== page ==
Australia swelters through record-breaking heatwave
- Towns across southern Australia have recorded new December highs, with the mercury up to 16 degrees Celsius higher than usual
Australia is sizzling through extreme heatwave conditions this week, with temperatures reaching record highs and emergency services on high alert for bush fires.
Numerous towns across southern Australia have recorded new December highs, with the mercury up to 16 degrees Celsius higher than usual for this time of the year, the Bureau of Meteorology said on Friday.
“Heatwave conditions are being experienced across large parts of the country,” it said, adding that the sizzling temperatures spanned the southern parts of four states and the Northern Territory.
Marble Bar in Western Australia, which bills itself as the nation’s hottest town, recorded a peak of 49.3 degrees Celsius on Thursday, it added.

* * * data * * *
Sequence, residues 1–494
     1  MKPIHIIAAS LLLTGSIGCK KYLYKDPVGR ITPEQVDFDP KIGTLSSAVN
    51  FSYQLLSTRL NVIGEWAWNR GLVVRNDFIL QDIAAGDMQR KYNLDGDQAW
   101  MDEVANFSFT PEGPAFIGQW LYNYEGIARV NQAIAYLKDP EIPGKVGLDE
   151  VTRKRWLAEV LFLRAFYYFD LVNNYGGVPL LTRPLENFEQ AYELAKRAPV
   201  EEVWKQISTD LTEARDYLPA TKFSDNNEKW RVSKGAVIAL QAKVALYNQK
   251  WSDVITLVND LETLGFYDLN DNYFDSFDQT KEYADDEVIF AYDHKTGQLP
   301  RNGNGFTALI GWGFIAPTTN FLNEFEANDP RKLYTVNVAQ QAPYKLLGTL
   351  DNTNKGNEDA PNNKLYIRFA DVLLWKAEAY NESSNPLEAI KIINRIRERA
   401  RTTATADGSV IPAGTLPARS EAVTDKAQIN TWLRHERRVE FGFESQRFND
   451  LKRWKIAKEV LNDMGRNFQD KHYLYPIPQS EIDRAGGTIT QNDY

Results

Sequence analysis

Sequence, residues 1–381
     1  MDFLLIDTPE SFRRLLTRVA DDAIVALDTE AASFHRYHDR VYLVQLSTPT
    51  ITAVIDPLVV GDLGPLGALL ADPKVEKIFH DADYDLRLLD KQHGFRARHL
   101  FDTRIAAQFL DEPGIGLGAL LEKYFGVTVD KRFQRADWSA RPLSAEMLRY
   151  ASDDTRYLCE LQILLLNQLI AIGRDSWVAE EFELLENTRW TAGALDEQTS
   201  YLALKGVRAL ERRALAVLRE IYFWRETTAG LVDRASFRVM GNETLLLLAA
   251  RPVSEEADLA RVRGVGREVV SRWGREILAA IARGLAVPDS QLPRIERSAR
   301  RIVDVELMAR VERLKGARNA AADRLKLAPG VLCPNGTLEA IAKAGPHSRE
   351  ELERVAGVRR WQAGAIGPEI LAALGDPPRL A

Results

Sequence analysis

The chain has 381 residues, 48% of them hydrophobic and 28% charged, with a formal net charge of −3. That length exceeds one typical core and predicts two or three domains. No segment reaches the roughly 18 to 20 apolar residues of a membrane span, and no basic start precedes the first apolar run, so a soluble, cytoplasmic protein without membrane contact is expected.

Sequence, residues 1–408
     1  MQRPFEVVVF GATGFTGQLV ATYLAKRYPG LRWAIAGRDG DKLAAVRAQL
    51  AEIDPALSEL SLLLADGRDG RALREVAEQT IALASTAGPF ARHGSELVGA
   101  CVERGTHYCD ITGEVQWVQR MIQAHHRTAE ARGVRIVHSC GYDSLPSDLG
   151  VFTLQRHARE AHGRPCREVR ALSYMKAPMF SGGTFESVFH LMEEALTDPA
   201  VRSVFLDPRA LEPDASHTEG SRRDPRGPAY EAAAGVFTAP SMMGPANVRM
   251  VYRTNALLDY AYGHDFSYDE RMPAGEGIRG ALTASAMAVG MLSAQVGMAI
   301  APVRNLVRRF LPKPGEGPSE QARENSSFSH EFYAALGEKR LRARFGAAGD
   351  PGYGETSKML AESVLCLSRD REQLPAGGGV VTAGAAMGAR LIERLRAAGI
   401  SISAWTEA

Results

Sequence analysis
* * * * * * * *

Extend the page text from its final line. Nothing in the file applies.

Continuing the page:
Major cities across the country are also affected, with the thermometer pushing towards 40 degrees and the heat set to linger into the new year.
In Sydney, thousands of people flocked to beaches to cool down, while the state’s health service issued a warning for poor quality air as ozone levels rise with the hot weather.
“This is all because of a high-pressure system coming off the Tasman Sea that is slow moving and has set up a pattern over several days,” Bureau of Meteorology duty forecaster Nick Neynens told Fairfax Media.
“It’s a very stable situation with not a lot changing, meaning everywhere is pretty much going to be hot and we don’t see a strong change coming yet.”
Emergency services have issued fire bans and warnings and called on people to stay out of the extreme heat.
A southerly wind change will start to bring cooler conditions that gradually extend inland into the states of South Australia and Victoria before weakening, the weather bureau’s meteorologist Sarah Fitton said on Friday.
High temperatures are not unusual in Australia during its arid southern hemisphere summer, with bush fires a common occurrence. But climate change has pushed up land and sea temperatures and led to more extremely hot days and severe fire seasons.